When interviewed for a Boston Globe’s story titled “Vote all you want. The secret government won’t change”, in 2014, Michael J. Glennon, professor of international law at The Fletcher School of Law and Diplomacy at Tufts University (and author of “National Security and Double Government”), explained that much of the US foreign policy “programs” are, as John Kerry once famously said, “on autopilot”, and that “policy after policy after policy all continue virtually the same way that they were in the George W. Bush administration.” This situation is explained by this analyst with the concept of a “double government”, which is how he describes an almost self-governing defense and national security apparatus that operates in the United States without much accountability. Glennon’s aforementioned book was praised by former members of the State Department, Defense Department, CIA, and the White House. There is no reason to assume its conclusions are less true today.

To sum it up, there are limits on how much change a US president, on its own, can bring about to the superpower’s system of “double government” in terms of defense and foreign policy. The center of gravity of global tensions is changing, and Ukraine is no longer that important, to put it bluntly. Finally, Trump’s record as a former president in no way allows for a description of his administration either as “isolationist” or as “pro-Russian”.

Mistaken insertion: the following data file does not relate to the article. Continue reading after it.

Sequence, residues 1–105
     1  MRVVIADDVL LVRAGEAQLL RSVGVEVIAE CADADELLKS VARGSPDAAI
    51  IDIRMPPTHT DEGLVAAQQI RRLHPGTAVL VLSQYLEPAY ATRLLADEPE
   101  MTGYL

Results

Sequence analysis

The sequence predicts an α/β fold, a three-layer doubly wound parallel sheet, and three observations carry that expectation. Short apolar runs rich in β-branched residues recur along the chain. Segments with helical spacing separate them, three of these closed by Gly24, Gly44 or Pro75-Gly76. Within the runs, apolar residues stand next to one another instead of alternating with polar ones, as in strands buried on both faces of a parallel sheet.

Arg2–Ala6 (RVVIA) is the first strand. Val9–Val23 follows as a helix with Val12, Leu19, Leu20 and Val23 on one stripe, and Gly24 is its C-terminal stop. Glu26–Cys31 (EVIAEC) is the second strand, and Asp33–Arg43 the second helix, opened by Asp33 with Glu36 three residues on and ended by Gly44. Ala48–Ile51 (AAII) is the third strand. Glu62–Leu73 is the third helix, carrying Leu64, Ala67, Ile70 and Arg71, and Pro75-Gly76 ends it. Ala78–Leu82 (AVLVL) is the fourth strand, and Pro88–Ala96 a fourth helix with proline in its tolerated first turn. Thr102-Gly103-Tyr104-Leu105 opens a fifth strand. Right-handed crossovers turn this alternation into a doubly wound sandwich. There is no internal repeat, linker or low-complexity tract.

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  1. Yaiyen

    No, why would it when Trump own stocks in weapon manufacturing companies. More like he will push these nation to buy more weapons from USA, these country is USA vassals that is the biggest reason they hate Trump he openly show people these country real color

  2. Mikel

    “bring back American isolationism”

    People talk and write like colonial America was recent history.

    1. Joe Well

      I think they mean the interwar period. “Good Neighbor” policy in the Americas and avoidance of European issues.

  3. Colonel Smithers

    Thank you, Yves.

    “Indian academic Pratap Bhanu Mehta, a former president of the Centre for Policy Research, writes that a Trump election would be a threat for democracy in the US. Other experts have argued Trump could endanger NATO and bring back American isolationism.”

    Your introduction could equally apply to Richard Murphy, Danny Blanchflower, Frances Coppola and other, apparently, British left of centre academics. TDS and P(utin)DS affects them as much as it does centrists. No amount of explaining that Trump is a symptom and it’s not just Putin will convince them. These issues are also personalised by all of them to an unhealthy degree, e.g. Putin owns Gazprom. Yes, really.

    (The above said, the Grauniad beat them over the week-end by publishing a comment BTL that Russia organised the strikes, including miners, that affected the UK in the 1970s and 1980s and is responsible for global warming. Lots of up votes.)